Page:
The SNP’s general election manifesto this year had only one sentence dedicated to fracking: ‘We will continue to support a moratorium on fracking.’ Elsewhere in its manifesto, however, the SNP showed strong support for the oil and gas industry in underpinning the Scottish economy. Nicola Sturgeon’s meeting with INEOS chair, Jim Ratcliffe, held on the same day as the announcement of the moratorium on fracking in January 2015, further clouds the SNP’s overall position on fracking.
After this meeting, INEOS made a complete U-turn, saying it now supported the moratorium, despite having been against it prior to the meeting. Ratcliffe is determined to push for shale production in Britain, despite fears for the environment, insisting fracking must be promoted to keep the British economy competitive and not as dependent on the services sector. His company has pledged to invest £650m, and he feels shale has the potential to meet Britain’s gas requirements, making energy cheaper and the nation no longer reliant on foreign suppliers.
Over the past few years, INEOS, which operates the Grangemouth refinery in Scotland, has borrowed heavily from the experience of those in the US, even going so far as to hire three shale specialists (Nick Steinsberger, Kent Bowker and Dan Steward). INEOS is a big importer of gas and has recently started buying it in huge amounts from the US, where gas is one-third cheaper.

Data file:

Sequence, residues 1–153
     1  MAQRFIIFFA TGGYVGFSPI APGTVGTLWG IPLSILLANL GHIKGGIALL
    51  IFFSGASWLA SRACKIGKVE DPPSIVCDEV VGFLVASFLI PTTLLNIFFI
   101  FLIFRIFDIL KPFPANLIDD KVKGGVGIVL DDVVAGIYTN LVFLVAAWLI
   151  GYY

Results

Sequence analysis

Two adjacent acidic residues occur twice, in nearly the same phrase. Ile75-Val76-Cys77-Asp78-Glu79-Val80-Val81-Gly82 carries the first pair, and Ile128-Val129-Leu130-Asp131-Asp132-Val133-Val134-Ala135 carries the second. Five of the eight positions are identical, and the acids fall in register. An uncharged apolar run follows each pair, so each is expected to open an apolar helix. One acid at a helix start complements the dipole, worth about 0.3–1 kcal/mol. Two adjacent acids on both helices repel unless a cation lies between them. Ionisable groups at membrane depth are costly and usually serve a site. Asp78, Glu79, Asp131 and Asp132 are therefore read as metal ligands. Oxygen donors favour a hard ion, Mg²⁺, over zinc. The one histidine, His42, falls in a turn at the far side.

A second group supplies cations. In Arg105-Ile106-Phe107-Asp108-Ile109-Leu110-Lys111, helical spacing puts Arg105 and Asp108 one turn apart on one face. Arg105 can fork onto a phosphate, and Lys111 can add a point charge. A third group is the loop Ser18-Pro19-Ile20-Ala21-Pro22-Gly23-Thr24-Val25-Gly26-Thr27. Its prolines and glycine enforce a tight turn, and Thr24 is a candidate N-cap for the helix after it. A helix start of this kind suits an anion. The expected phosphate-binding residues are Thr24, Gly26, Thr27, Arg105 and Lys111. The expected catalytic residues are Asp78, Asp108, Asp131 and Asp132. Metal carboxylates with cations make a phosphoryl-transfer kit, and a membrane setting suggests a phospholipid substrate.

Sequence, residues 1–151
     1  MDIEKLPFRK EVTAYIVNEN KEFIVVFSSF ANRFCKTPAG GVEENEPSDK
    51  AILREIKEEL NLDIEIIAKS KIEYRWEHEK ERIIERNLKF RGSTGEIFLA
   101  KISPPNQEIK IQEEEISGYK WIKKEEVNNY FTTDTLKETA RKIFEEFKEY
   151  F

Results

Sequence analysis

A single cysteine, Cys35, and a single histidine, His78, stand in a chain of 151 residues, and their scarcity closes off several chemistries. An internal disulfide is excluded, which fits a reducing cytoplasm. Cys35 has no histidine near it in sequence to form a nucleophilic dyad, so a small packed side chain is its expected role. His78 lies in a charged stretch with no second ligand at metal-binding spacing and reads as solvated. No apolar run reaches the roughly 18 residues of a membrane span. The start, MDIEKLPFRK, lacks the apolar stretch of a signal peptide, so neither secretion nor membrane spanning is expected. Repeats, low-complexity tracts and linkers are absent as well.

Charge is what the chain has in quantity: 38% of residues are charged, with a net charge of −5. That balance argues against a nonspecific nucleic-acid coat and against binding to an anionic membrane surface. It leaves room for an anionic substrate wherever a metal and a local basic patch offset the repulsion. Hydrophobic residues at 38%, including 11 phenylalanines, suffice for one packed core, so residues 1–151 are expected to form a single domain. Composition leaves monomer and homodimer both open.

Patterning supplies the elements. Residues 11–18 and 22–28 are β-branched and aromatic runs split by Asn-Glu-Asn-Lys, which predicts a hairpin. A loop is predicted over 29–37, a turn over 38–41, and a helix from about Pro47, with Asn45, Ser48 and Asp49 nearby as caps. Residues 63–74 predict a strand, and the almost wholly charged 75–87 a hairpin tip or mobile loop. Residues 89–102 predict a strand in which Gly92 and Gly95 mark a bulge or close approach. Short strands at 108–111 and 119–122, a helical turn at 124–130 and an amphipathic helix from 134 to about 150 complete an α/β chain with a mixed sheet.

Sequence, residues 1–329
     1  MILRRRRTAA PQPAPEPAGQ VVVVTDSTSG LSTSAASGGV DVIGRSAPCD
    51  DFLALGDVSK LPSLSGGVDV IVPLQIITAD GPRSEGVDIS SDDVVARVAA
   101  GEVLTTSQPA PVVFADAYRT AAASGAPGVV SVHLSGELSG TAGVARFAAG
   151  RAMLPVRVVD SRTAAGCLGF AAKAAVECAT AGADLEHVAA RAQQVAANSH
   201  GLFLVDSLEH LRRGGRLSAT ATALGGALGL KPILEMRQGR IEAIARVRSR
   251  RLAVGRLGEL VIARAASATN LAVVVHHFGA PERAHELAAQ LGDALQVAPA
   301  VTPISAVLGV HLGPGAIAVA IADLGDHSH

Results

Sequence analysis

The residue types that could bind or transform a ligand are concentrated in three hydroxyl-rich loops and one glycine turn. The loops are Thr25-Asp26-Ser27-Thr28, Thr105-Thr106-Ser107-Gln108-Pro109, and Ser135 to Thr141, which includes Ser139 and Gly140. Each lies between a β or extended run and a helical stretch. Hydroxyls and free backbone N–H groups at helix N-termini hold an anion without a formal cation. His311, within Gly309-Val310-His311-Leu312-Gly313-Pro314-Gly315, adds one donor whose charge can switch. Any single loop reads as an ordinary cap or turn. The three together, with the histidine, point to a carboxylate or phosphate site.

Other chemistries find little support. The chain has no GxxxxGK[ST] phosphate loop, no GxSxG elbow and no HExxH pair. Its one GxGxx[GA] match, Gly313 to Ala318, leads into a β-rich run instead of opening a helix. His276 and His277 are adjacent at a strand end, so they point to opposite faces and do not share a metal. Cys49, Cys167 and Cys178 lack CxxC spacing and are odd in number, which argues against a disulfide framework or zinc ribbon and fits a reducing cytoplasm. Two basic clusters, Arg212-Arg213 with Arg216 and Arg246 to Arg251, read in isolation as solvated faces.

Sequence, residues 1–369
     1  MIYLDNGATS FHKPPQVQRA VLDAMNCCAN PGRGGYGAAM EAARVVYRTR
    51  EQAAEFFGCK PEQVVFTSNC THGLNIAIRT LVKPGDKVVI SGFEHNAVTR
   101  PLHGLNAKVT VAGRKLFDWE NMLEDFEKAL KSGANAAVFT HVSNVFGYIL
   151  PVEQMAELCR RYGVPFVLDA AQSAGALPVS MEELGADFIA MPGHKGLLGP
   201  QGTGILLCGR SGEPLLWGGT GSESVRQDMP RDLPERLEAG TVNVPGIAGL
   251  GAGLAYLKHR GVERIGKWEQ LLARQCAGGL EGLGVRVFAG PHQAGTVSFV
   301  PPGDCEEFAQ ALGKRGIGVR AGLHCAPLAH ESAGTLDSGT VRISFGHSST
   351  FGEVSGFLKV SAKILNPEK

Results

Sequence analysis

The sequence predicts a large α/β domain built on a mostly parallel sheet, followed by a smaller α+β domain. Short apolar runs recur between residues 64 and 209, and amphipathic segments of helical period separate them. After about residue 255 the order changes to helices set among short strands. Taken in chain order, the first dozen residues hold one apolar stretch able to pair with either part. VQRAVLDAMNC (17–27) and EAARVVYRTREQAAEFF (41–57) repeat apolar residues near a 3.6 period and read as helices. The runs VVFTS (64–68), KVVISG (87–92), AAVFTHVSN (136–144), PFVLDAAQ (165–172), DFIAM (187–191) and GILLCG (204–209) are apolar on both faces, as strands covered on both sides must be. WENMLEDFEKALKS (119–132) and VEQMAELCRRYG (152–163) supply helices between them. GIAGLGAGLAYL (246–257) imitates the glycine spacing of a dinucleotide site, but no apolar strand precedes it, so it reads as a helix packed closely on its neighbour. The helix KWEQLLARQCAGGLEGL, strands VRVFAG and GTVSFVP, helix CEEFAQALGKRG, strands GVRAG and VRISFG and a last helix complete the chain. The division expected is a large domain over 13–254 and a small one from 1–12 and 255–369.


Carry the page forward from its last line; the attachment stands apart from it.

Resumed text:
The Scottish Government announced the moratorium amid growing environmental and safety concerns. It will be in place while a full public consultation is carried out alongside further research into the technique to look at planning, environmental regulation and the impact on public health.
Ratcliffe told the Herald on 14 July 2015: ‘[The Scottish Government] are being quite clear. What they’ve said to us is they’re not against fracking. But what they do need to do is get comfortable with whether they’re happy with the risks of fracking in Scotland. They want to spend a couple of years understanding it in more detail. I think that’s a responsible thing for them to do and say. We don’t need to do any fracking for the next couple of years. What we’d like to do is just drill a couple of holes, do the seismic, and just find out what’s down there’. He said INEOS will also seek permission to begin test-drilling and seismic testing for fracking imminently, which he believes will not breach the moratorium.
Davy Brockett is an Executive Council member of Unite